Israel, for the most part, has learned the lesson. The fact that Operation Protective Edge in 2014 ended without an international commission of inquiry as after previous operations, is in part due to the hard work done to ensure that Israel’s narrative gets out in real time and without delay.
Today, though, as potential conflicts with non-state actors like Hamas and Hezbollah loom on the horizon, Israel needs to keep in mind that these wars do not end on the battlefield.
They continue in the media, the courtroom and around the United Nations Security Council table. Public opinion today means far more than it did a decade ago and lack thereof can end a war way before military objectives are met.
*** I didn’t know Hallel Yaffa Ariel, the 13-year-old girl murdered Thursday in her Kiryat Arba bedroom. What I do know is that she was quite the dancer.
On Wednesday night, Hallel participated in a dance in Jerusalem, an end-of-the-year recital for the dance class she had taken throughout the school year.
I know this because my soon-to be 13-year-old daughter Atara was also on stage that night. She didn’t know Hallel personally and danced in a different group, but they shared the stage and the moment, as two young, vibrant and beautiful teenage girls dancing in front of hundreds of people on a lovely night in Jerusalem with their whole lives ahead of them.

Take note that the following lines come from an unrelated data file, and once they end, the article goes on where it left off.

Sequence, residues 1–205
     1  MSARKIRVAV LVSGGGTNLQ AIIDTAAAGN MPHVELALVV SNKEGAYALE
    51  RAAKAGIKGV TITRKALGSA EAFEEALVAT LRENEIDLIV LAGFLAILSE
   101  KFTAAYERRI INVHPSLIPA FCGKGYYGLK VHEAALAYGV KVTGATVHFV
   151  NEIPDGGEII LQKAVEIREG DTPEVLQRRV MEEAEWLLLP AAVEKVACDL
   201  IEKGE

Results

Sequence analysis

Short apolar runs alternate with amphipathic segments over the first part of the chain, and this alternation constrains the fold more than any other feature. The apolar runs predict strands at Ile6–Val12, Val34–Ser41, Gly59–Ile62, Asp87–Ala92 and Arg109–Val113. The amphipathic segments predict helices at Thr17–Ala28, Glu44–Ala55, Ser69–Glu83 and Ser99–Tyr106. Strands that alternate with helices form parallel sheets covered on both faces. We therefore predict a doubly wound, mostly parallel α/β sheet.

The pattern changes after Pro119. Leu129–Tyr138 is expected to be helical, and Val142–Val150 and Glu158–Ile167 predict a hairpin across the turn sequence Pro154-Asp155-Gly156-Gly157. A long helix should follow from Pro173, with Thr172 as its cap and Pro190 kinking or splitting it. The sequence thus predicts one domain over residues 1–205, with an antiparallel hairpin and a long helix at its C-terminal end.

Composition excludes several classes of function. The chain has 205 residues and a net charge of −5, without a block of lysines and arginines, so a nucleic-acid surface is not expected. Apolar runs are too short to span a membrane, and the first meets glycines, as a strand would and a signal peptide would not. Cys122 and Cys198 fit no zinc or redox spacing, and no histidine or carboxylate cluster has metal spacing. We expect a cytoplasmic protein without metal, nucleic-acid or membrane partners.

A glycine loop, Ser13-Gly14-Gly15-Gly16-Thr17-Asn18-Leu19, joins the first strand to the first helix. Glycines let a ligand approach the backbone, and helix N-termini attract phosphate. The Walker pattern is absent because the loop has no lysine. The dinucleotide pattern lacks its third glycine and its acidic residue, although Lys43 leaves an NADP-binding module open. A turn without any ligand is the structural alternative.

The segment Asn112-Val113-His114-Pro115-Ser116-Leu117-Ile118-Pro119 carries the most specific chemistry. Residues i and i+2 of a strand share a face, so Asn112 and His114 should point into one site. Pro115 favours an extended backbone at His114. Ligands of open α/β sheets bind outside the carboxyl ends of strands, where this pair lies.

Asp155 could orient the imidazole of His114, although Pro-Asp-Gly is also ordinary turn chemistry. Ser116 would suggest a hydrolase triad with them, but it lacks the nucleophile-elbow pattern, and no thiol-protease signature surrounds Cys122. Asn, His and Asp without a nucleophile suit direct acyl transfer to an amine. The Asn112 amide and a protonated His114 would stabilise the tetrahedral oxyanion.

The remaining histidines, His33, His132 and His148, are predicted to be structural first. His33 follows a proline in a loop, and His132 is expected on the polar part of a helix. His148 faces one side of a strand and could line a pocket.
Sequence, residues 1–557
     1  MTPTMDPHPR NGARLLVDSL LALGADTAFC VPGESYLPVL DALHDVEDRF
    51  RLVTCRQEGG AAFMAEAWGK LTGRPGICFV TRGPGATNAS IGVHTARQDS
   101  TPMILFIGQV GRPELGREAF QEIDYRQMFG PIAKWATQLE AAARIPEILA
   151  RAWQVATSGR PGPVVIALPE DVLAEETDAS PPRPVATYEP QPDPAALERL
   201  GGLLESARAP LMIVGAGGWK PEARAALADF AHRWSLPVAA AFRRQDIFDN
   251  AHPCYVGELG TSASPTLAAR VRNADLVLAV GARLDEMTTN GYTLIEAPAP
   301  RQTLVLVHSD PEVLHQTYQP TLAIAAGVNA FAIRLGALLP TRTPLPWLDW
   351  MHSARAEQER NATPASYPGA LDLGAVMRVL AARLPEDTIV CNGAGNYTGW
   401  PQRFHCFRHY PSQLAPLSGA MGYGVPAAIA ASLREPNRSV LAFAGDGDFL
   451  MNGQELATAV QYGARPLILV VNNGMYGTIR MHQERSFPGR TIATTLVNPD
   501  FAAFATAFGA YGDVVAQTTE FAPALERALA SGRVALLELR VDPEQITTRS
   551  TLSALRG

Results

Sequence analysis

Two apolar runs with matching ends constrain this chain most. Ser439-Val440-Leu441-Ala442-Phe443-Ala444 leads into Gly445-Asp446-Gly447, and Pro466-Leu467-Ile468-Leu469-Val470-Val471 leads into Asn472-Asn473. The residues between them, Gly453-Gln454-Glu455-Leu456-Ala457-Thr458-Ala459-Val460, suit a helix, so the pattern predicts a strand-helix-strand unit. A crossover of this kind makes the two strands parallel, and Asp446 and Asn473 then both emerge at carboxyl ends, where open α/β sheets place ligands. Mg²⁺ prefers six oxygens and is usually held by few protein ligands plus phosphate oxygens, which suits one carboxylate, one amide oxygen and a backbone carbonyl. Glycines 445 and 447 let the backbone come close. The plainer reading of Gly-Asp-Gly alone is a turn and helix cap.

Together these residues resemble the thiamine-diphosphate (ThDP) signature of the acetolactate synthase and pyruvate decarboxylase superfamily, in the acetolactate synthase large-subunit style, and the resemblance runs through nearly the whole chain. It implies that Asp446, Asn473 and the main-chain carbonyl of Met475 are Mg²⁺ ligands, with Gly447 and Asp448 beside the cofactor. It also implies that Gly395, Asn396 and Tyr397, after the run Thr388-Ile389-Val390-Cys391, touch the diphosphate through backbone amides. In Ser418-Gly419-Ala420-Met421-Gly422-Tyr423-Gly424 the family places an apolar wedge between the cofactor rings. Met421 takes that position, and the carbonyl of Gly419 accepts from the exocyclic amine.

The difference was that Hallel went back home after the show to be stabbed to death the next morning in her bedroom. My daughter also went home after the show, and woke up in the morning to go back to the summer camp she started this week.
Hallel was murdered on Thursday, but it could have been any of the dozens of girls who danced that night together in Jerusalem. This is the reality of daily life in Israel – after 68 years of statehood, people still today move from dance recitals to murder scenes as generations of Jews and Israelis have before them.